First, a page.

In a preferred embodiment compositions comprising one or more species or strains of food-grade microorganisms and/or probiotic microorganisms such as but not limited to species of the genera Lactobacillus, Streptococcus, Lactococcus, Oenococcus, Leuconostoc, Pediococcus, Carnobacterium, Psychrobacter, Pseudomonas, Propionibacterium, Enterococcus and Bifidobacterium, Brevibacterium, Corynebacterium are used. Yeast species, such as Saccharomyces cerevisiae (baker's yeast or brewer's yeast) or S. pastorianum (lager yeast) may also be used as are fungi such as Aspergillus or Rhizopus spp.

Additionally, other micro-organisms are envisaged, for example those used in industrial processes such as the production of enzymes (e.g. in biological washing powders from organisms such as Bacillus subtilis) or thermophilic Archeaea (e.g. Sulfolobus sulotaricus) or other extremophiles or with uses in bioremediation or yeasts and fungi such as Hhansenula, Pichia, Aspergillus etc. Strains involved in bioleaching for metal release from ore may also be used, such as Geobacter sulfureducens and Pseudomonas isachenkovii.

Examples of starting populations of microorganisms will be given further below, as the aim of the analysis determines which cells to start with. For example if the aim is to test whether a certain strain is homogeneous and stable, one starts with a plurality of cells of this strain.

In step (a) the microorganisms, or the composition comprising these, are contacted with a rigid, porous support.

The cells may be applied to one or to both surfaces of the support. In a preferred embodiment the microorganisms are contacted with the upper surface of the support, while the lower surface of the support is contacted with (solid, liquid or semi-solid) medium. “Contacting” can be achieved by various methods, such as (but not limited to) dipping, spreading, spraying or pipeting of a composition comprising the microorganisms onto one or both surfaces.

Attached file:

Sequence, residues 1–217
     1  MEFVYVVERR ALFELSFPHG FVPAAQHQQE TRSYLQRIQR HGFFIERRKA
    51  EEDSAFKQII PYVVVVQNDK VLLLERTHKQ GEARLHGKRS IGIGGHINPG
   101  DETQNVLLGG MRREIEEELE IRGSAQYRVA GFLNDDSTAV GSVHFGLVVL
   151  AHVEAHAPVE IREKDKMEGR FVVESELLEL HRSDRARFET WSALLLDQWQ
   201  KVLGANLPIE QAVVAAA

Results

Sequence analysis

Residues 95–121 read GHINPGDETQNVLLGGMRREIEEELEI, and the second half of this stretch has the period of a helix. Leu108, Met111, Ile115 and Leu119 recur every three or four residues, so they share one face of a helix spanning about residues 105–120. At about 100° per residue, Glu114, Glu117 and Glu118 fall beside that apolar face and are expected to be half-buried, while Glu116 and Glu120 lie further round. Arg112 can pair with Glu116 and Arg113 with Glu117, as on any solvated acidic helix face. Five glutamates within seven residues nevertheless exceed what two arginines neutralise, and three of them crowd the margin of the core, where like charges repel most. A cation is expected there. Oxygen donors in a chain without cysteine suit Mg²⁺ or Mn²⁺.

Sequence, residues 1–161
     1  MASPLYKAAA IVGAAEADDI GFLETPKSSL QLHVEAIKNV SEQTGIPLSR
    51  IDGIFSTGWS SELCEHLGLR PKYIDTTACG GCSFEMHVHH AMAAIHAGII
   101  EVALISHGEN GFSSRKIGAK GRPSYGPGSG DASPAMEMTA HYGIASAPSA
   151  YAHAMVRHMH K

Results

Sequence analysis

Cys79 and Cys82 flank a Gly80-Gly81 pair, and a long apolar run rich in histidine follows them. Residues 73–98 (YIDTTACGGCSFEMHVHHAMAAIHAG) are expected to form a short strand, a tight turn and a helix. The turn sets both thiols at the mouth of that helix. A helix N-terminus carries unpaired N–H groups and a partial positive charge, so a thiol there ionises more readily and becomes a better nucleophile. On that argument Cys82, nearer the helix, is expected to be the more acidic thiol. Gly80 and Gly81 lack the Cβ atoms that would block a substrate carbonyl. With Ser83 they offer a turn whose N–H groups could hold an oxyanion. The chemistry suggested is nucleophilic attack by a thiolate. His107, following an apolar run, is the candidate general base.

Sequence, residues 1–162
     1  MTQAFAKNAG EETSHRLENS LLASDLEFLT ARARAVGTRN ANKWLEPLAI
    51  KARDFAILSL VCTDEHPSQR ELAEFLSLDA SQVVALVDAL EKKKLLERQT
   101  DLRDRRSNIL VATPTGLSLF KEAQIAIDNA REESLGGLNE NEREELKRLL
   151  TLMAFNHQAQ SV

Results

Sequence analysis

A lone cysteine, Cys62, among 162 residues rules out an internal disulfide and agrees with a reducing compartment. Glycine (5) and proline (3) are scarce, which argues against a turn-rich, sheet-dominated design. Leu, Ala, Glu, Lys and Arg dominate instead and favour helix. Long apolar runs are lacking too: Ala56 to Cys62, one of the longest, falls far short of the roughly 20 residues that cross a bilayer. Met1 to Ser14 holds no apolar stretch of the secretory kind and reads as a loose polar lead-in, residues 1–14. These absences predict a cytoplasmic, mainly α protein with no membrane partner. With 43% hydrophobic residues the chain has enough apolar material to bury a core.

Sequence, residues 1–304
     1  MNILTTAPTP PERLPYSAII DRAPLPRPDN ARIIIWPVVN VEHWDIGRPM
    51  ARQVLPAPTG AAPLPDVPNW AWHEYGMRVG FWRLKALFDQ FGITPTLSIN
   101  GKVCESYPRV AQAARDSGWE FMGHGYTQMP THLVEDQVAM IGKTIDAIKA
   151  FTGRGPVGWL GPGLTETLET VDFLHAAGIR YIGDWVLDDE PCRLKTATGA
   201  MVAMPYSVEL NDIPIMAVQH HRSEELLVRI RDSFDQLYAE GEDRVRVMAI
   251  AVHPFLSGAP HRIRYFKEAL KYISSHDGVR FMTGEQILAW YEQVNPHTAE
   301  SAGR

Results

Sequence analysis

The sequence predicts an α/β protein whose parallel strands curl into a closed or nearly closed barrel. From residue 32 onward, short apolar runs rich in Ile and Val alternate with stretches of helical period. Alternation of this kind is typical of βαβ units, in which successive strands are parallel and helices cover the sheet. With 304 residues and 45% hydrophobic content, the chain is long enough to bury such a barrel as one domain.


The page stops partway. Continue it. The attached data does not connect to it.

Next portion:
The cell density on the support can be adapted as desired, by preparing compositions (e.g. liquid suspensions in sterile water) comprising a suitable cell concentration. Also, dilution series of cell suspensions may be used as inoculums for a series of supports. Although for most applications it is generally preferred that cells are distributed so that they are separated from one another in order to allow micro-colonies being formed (preferably arising from one or more cell divisions of a single cell), higher concentrations may also be suitable. For example, cells may be in close proximity or in contact with one another. For some applications, the densities may be sufficiently high to allow bio films (i.e. cell monolayers or multiple layers) to be formed following incubation. Suitable concentration of support-inoculum may thus result in cell densities of e.g. 100 to 2000 cells per mm2 of support, or more. Obviously, suitable cell densities may differ from one microorganism to another, and may again be different for mixtures of organism. Likewise, the aim of the analysis (heterogeneity or cell interaction) will also influence the choice of cell density. A skilled person can easily determine the optimal cell density and inoculum concentration for a desired analysis.

Once the population of cells has been contacted with the support, the support is in step (b) incubated on a medium in order to allow cell growth, cell differentiation and/or micro-colony formation. The medium used may comprise one or more of the following: nutrients, minerals, other compounds such as chemical inducers or inhibitors of cellular processes, antibiotics or toxins, proteins or peptides, carbohydrates or nucleic acids, compounds that may influence cellular interaction or adhesion, enzyme substrates, reporter molecules, etc. Preferably the medium is homogenous with respect to the support, although a medium comprising gradients of one or more compounds along the support is also envisaged for certain applications. For example, a 2D gradient of the two most important end-metabolites in fermentation could be used to test that a production strain was stable under the range of conditions encountered during a fermentation. Also, a gradient could be used to define the concentration of two signalling compounds that trigger a cell:cell interaction, such as a mating.

The medium may be solid, liquid or semi-solid. For example a simple agar medium, suitable for maintaining cell viability, growth, cell division and/or differentiation, may be used. The pH may be adapted, depending on the organisms being tested. In one embodiment the medium is a growth medium, suitable for culturing the microorganism(s). Such media are well known in the art. The medium may also be one which allows selective growth of one or more species of microorganisms or induces particular changes (e.g. spore formation or germination).